All I can really do is agree with others, and lament that there aren't many safe places to discuss this side of the business. Just know that you aren't alone. And that I would love to have 5000 GR ratings.

With that many readers, you must have some fans, no? Does it help at all to hear from readers who loved your first book? If you're like me, you tend to overvalue the negative voices and undervalue the positive ones, so it's important to be aware of that and counteract it. Have faith in the readers who loved your book, and that could be a step to regaining faith in yourself.

And try to stop hearing your current agent's voice in your head. There are ways to tell an author, "No, your book did not sell as well as we hoped" without calling it a failure. Granted, not all agents are going to be tactful, but I think being supportive is part of the job. If the agent no longer feels able to be supportive of your career, the relationship isn't working.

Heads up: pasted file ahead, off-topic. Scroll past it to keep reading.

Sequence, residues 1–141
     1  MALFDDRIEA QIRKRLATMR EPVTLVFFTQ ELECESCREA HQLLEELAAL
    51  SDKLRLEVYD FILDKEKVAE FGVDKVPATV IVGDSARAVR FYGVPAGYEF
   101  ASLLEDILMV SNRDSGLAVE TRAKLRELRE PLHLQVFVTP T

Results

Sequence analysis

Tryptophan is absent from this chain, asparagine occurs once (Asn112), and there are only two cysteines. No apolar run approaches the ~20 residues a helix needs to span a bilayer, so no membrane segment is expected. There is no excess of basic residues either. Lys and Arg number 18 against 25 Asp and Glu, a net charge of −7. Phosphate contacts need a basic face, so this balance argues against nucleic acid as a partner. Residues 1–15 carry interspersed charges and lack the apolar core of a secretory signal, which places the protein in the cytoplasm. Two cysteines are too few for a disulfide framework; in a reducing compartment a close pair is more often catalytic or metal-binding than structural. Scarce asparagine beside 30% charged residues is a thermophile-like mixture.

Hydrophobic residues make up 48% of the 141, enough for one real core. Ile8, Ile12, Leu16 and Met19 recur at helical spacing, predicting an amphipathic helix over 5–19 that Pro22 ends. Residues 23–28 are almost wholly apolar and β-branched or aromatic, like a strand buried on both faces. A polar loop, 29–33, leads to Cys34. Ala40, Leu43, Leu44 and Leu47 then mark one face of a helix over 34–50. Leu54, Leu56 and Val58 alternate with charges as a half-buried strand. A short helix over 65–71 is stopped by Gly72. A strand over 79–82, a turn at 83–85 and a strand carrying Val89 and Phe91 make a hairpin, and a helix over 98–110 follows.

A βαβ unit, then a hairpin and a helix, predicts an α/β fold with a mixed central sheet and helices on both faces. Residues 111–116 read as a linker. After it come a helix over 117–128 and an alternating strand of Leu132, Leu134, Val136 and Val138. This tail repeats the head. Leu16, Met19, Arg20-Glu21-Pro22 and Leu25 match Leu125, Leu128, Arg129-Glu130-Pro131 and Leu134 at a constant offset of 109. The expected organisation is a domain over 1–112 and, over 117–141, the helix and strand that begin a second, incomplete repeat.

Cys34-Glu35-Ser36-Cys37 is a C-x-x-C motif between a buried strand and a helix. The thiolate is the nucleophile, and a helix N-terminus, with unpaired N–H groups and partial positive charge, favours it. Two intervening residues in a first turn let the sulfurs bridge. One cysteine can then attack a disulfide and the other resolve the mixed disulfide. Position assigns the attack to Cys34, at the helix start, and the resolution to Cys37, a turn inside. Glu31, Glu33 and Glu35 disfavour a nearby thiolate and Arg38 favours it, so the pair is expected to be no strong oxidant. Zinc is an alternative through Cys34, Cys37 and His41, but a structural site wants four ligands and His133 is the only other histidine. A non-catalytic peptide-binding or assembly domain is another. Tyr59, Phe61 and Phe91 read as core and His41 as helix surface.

I agree with RaggyCat that showing work to CPs and betas helps. Best of all if you can work out an in-person group with people who are also published and writing in similar genres. I lucked into such a situation, despite living in the middle of nowhere, and it's been hugely, hugely helpful to me. I now have a buffer of sympathetic-but-critical readers against the scary, high-stakes world of publishing.

Also, before I was a published writer, I was a book reviewer keeping tabs on local authors' careers, and I've seen situations like this so many times. A great debut without a follow-up, a few wonderful books without a follow-up, a long space between books. I've heard so many authors' complaints about their agents and publishers and publicists. I've seen successful authors of an earlier era turning to self-publishing because they couldn't get a trade deal. I've seen wild comeback stories, too. The "instant success" stories you see on social media are just the stories people are eager to tell.